China / Innovation

Increased funding expected for space research

By Cheng Yingqi (China Daily) Updated: 2016-03-18 08:07

Scientists estimate that the government will invest no less than 5.9 billion yuan ($910 million) on space science research during the period of the 13th Five-Year Plan (2016-20), according to a research report published on Thursday.

The report was composed by a group of scientists from the Chinese Academy of Sciences, who surveyed the research interests of hundreds of scientists in China since 2012 and sorted them into 23 major space science programs with the brightest scientific prospects.

"Decision-making on the country's major space science projects should not be based only on the individual opinions of government officials, or the proposal of a few prestigious scientists. We should carry out comprehensive research on our own space science capacity and on topics at the frontier of international science, so that the decision-makers can avoid spending State funding blindly," said Wu Ji, director of the National Space Science Center at the Chinese Academy of Sciences, and chief editor of the research report.

Scientists estimate that the country's overall research and development funding will maintain 2.5 percent annual growth between 2016 and 2030.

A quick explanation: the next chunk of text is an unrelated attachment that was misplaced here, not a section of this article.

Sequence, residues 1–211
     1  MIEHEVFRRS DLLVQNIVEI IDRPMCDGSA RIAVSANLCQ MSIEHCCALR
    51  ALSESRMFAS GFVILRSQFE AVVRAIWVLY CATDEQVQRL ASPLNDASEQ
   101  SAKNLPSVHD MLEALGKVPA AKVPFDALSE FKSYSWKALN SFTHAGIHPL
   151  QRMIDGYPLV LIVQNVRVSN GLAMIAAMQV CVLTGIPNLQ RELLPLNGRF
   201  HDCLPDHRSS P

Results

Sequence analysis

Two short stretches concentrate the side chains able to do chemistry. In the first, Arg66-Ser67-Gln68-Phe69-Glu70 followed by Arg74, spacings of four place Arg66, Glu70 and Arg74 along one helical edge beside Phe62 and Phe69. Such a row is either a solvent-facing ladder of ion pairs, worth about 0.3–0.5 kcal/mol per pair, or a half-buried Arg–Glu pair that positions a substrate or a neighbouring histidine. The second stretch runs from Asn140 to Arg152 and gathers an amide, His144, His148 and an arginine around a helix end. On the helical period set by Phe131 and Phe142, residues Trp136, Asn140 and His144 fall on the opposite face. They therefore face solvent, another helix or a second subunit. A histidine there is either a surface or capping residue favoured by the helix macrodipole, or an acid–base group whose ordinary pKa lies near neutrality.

"We hope that the pace of development of space science will not lag behind other research fields, which means that the funding for scientific satellites will be no less than 5.9 billion yuan in the coming five years," he said.

"The funding means we are likely to launch 15 to 20 scientific satellites, if not more, by 2030," Wu said.

In 2011, China initiated the Strategic Priority Program on Space Science, the country's first project that includes a series of satellites planned purely for scientific research in space but not for economic benefit.

The first satellite of the series, the dark-matter satellite DAMPE, was sent up on Dec 17. After months of in-orbit testing, scientists announced the success of the testing stage on Thursday.

Chang Jin, DAMPE chief scientist, said the satellite will spend two years taking general sky surveys and the third year scanning key spots.

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